Grihakanya, Gṛhakanyā, Griha-kanya: 8 definitions
Grihakanya means something in Hinduism, Sanskrit, biology. If you want to know the exact meaning, history, etymology or English translation of this term then check out the descriptions on this page. Add your comment or reference to a book if you want to contribute to this summary article.
The Sanskrit term Gṛhakanyā can be transliterated into English as Grhakanya or Grihakanya, using the IAST transliteration scheme (?).
Ayurveda (science of life)Source: WorldCat: Rāj nighaṇṭu
Gṛhakanyā (गृहकन्या) is the Sanskrit name for a medicinal plant commonly identified with Aloe vera var. chinensis Baker from the Asphodelaceae family of flowering plants, according to verse 5.47-49 of the 13th-century Raj Nighantu or Rājanighaṇṭu. Notes: Gṛhakanyā is a well-known plant, which grows throughout India. The Aloe or Musabbra (musabbar/musabbara) is prepared by its pulp of leaves. Its Indian varieties are: 1) Aloe vera var. chinensis Baker., 2) Aloe vera var. Aloe littoralis Koening. 3) Aloe abyssinica Lam. Some commercial foreign varieties are: 1) Socotrine Aloes, 2) Cape Aloes, 3) Barbados Aloe.
Gṛhakanyā is mentioned as having twenty synonyms: Kumārī, Kanyakā, Dīrghapatrikā, Sthaleruhā, Mṛdu, Kanyā, Bahupatrā, Amarā, Ajarā, Kaṇṭakaprāvṛtā, Vīrā, Bhṛṅgeṣṭā, Vipulasravā, Brahmaghnī, Taruṇī, Rāmā, Kapilā, Ambudhisravā, Sukaṇṭakā and Sthūladalā.
Properties and characteristics: “Kumārī (i.e., Gṛhakanyā) is cooling (hima), bitter (tikta), and has a typical intoxicating flavour. It is anti-kapha and rejuvenating (rasāyanī). It is indicated in cough, asthma, kuṣṭha (leprosy and allied skin diseases), poisons and in the diseases due to pitta”.
Āyurveda (आयुर्वेद, ayurveda) is a branch of Indian science dealing with medicine, herbalism, taxology, anatomy, surgery, alchemy and related topics. Traditional practice of Āyurveda in ancient India dates back to at least the first millenium BC. Literature is commonly written in Sanskrit using various poetic metres.
Biology (plants and animals)Source: Google Books: CRC World Dictionary (Regional names)
Grhakanya in India is the name of a plant defined with Aloe vera in various botanical sources. This page contains potential references in Ayurveda, modern medicine, and other folk traditions or local practices It has the synonym Aloe vera L. ex Webb (among others).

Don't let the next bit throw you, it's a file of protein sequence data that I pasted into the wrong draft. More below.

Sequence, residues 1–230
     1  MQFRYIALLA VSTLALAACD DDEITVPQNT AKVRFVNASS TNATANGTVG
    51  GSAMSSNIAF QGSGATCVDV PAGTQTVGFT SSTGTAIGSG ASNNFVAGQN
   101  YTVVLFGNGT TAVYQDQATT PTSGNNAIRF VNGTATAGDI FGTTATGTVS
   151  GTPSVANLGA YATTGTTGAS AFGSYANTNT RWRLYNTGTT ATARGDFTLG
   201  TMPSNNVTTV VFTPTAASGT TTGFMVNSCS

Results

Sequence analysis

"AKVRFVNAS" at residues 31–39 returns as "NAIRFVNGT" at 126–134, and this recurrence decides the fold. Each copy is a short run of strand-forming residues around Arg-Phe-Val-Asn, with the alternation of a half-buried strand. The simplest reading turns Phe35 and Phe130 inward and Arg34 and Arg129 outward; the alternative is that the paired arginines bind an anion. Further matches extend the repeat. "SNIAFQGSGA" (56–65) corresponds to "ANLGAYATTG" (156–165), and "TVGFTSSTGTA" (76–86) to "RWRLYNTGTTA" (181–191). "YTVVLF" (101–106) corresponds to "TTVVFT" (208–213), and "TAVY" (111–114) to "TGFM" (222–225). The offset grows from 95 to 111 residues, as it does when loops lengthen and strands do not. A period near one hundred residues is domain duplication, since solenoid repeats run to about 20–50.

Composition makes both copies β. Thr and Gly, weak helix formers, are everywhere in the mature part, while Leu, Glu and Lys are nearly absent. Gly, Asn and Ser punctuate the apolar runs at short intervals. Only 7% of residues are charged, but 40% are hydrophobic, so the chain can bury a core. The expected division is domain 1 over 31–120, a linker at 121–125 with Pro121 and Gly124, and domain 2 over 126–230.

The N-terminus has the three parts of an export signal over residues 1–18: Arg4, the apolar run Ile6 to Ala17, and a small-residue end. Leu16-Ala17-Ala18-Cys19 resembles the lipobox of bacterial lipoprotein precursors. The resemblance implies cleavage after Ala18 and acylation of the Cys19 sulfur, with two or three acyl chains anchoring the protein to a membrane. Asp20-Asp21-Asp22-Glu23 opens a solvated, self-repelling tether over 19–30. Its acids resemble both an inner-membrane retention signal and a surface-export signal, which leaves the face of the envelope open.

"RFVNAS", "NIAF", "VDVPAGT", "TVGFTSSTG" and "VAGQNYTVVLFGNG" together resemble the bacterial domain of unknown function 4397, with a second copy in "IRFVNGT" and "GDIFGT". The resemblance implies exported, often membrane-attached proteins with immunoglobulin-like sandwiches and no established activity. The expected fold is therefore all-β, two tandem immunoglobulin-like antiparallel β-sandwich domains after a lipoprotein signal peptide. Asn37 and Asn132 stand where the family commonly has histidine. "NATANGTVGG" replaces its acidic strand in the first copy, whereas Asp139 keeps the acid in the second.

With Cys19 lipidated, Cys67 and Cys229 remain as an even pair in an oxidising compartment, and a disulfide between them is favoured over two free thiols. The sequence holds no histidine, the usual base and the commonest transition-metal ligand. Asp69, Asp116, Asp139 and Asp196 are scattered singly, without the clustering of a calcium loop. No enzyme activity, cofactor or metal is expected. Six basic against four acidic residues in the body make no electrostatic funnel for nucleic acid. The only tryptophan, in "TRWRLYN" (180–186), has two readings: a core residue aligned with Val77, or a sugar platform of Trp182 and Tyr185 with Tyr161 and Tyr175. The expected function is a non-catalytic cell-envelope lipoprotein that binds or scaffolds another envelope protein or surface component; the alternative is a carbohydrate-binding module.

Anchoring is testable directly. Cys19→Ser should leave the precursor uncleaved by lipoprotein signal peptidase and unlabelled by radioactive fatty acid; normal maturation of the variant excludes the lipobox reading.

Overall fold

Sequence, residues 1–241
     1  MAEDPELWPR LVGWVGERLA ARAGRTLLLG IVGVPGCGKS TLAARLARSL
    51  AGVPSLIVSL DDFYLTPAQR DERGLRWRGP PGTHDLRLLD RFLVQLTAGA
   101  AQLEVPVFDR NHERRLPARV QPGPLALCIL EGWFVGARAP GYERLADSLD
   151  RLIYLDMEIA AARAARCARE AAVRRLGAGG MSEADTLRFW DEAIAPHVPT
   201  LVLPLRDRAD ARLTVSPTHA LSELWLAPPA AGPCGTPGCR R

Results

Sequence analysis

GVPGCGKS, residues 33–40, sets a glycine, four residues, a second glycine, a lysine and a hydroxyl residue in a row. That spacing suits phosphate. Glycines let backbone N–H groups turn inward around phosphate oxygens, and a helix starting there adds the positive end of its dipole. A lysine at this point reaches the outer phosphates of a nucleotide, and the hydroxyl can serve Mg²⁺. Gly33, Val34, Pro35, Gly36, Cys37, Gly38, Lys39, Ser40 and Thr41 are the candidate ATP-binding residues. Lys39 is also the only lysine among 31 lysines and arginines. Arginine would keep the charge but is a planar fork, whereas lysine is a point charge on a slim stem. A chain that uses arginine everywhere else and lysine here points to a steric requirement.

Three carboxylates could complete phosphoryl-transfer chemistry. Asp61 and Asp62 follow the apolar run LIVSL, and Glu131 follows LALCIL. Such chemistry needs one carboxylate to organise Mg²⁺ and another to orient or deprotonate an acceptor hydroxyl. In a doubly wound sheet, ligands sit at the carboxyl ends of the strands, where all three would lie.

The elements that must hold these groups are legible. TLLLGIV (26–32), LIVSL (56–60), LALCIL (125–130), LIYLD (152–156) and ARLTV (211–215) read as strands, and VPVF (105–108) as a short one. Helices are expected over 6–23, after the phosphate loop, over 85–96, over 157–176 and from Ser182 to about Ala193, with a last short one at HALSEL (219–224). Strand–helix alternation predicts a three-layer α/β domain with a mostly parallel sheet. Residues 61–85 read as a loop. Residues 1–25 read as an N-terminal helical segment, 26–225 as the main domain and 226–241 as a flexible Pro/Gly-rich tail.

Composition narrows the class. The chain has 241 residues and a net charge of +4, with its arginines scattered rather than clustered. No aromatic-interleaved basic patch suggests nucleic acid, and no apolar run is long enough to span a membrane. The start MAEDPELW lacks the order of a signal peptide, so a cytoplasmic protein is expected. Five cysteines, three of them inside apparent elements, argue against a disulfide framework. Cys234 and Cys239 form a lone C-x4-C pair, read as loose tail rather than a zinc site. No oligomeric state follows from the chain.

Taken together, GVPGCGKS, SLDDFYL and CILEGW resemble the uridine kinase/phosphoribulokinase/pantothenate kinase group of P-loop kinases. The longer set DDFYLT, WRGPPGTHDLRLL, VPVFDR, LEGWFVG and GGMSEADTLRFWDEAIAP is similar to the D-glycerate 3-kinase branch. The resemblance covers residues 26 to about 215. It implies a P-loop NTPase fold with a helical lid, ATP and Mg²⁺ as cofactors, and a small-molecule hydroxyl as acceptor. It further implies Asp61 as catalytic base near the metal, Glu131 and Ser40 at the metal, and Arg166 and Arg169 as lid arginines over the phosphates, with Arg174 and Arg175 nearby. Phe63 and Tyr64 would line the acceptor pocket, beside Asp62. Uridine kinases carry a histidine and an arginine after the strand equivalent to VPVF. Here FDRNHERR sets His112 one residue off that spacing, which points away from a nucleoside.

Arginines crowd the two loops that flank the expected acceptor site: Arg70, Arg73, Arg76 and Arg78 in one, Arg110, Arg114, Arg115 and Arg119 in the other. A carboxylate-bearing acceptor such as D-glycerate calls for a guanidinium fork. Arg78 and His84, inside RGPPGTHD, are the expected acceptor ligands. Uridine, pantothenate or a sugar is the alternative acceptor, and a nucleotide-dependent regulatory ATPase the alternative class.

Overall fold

Example references for further research on medicinal uses or toxicity (see latin names for full list):
· Les Figures des Plantes et Animaux d'Usage en Medecine (1764)
· Descr. Pl. Anim. (1767)
· Synopseos Plantarum (Persoon) (1805)
· Transactions of the Linnean Society of London, Bot. (1878)
· Nomenclator Botanicus (1840)
· Veterinary and Human Toxicology, (1980)
If you are looking for specific details regarding Grhakanya, for example diet and recipes, pregnancy safety, extract dosage, health benefits, chemical composition, side effects, have a look at these references.
This sections includes definitions from the five kingdoms of living things: Animals, Plants, Fungi, Protists and Monera. It will include both the official binomial nomenclature (scientific names usually in Latin) as well as regional spellings and variants.
Languages of India and abroad
Sanskrit dictionarySource: DDSA: The practical Sanskrit-English dictionary
Gṛhakanyā (गृहकन्या).—the plant Aloe Perfoliata (Mar. koraphaḍa).Source: Cologne Digital Sanskrit Dictionaries: Shabda-Sagara Sanskrit-English Dictionary
(-nyā) The aloe, (Aloes perfoliata;) also ghṛtakumārī, kumārī, &c. E. gṛha a house, and kanyā a virgin.Source: Cologne Digital Sanskrit Dictionaries: Monier-Williams Sanskrit-English Dictionary
Gṛhakanyā (गृहकन्या):—[=gṛha-kanyā] [from gṛha > gṛbh] f. Aloe perfoliata (ghṛta-kumārī), [Bhāvaprakāśa] (cf. kanyakā.)Source: Cologne Digital Sanskrit Dictionaries: Yates Sanskrit-English Dictionary
Gṛhakanyā (गृहकन्या):—[gṛha-kanyā] (nyā) 1. f. The aloe.
[Sanskrit to German]
Sanskrit, also spelled संस्कृतम् (saṃskṛtam), is an ancient language of India commonly seen as the grandmother of the Indo-European language family (even English!). Closely allied with Prakrit and Pali, Sanskrit is more exhaustive in both grammar and terms and has the most extensive collection of literature in the world, greatly surpassing its sister-languages Greek and Latin.
See also (Relevant definitions)
Full-text (+4): Ambudhisrava, Ajara, Amara, Kapila, Grihakumari, Sthuladala, Sukantaka, Vipulasrava, Sthaleruha, Taruni, Kanya, Mridu, Kanyaka, Bhringeshta, Kantakapravrita, Brahmaghni, Rama, Bahupattra, Ajarara, Dirghapatrika.
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